Desert Isle Keeper
One Night at the Palace Hotel
In this Philippines-set novella, Consuelo de la Red’s night of reckoning has come. Her property tycoon boyfriend is opening the Palace Hotel, and he’ll be asking her to marry him, a bargain that exchanges his family’s money for Consuelo’s family’s old and storied name. What the boyfriend doesn’t realize is that his hotel’s architect, Sam Jose, is Consuelo’s former lover, whom she was forced to leave behind after an aborted attempt at freedom in Chicago. Imagine Consuelo as Rose, Sam as Jack, and the Palace Hotel as their not-doomed Titanic, and you have the bones of this story, but a better ending. It’s a luxurious escape, and one I both enjoyed and recommend.
Sam Jose starts as a charmer hero, refusing to be cowed by Consuelo’s ice-queen act when they meet at in line at a hot dog stand. During their breakup and at their reunion, he adds a whole range of complex and authentic emotions – anger, gentleness, wounded pride, longing, bargaining, physical attraction, and love. To fit such a nuanced male character into a short novella when other authors struggle to do it in entire books is an impressive achievement. I also liked how Sam puts all of his feelings out there for Consuelo, but ultimately leaves the decision to choose him up to her.
At times, Consuelo is hard to like. She treats servants in an entitled way (the woman styling her for the wedding is, in Consuelo’s head, ‘Make-Up Girl’) and is quite in thrall to her parents for someone in her twenties. However, Consuelo’s upbringing has been borderline cult-ish, with her parents indoctrinating her into the cult of her bloodline. Her mother not only names Consuelo after herself, but she also, creepily, gives Consuelo a diminutive of Mama’s nickname (Mama Consuelo goes by Concha and calls daughter Consuelo ‘Conchita’). Concha can be overheard boasting that her family is elevated not only by its foreign blood, but by the fact that those foreigners were Spanish businessmen and not the priests who ran the Philippines for centuries – “No children of friar rape in our bloodline!” That kind of brainwashing, especially when coupled with the pull of the family purse strings, is hard to throw off. Sam, who knows the name of the hotel bartender, is clearly a good influence, and by the end of the book, Consuelo’s treatment of a driver is much improved.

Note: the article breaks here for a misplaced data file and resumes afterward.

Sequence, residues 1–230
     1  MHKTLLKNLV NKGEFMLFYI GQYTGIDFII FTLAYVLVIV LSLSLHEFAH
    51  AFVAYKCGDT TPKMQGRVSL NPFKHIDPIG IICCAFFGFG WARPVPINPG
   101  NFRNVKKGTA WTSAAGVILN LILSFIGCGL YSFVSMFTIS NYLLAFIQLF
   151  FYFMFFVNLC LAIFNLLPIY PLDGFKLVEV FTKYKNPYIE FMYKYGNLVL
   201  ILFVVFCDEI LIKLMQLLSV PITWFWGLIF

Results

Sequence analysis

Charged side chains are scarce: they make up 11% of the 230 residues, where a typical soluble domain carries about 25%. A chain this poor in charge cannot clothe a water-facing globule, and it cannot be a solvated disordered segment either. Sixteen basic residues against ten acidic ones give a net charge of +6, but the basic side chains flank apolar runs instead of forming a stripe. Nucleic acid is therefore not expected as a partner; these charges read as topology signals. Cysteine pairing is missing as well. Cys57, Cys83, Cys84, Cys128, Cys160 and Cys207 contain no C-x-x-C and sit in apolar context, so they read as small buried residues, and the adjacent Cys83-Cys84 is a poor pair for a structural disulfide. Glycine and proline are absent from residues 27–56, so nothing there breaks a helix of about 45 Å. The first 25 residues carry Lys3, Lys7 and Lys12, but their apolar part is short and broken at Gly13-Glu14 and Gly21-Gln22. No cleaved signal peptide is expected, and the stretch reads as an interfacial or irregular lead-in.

The author’s writing is strong. I particularly like her dialogue, although I’m not a fan of dialogue tags and would have preferred less sneering, commanding, hissing, etc. She captures the different character voices effectively, particularly Sam’s American-influenced male speech. The sex scenes are hot and character-filled. I’m not completely sure, but I think Consuelo’s boyfriend Benjo Yu is supposed to have Chinese ancestry (based on the surname, a Buddha decoration, and a feng shui reference). Since the Yus were the only Chinese characters, his horribleness, coupled with his family’s reputation for cheap mass building, made me a bit uncomfortable.
On the whole, though, this was a great short read. If you, like Consuelo and Sam, have just one night to indulge yourself, One Night at the Palace Hotel is the book you should pick.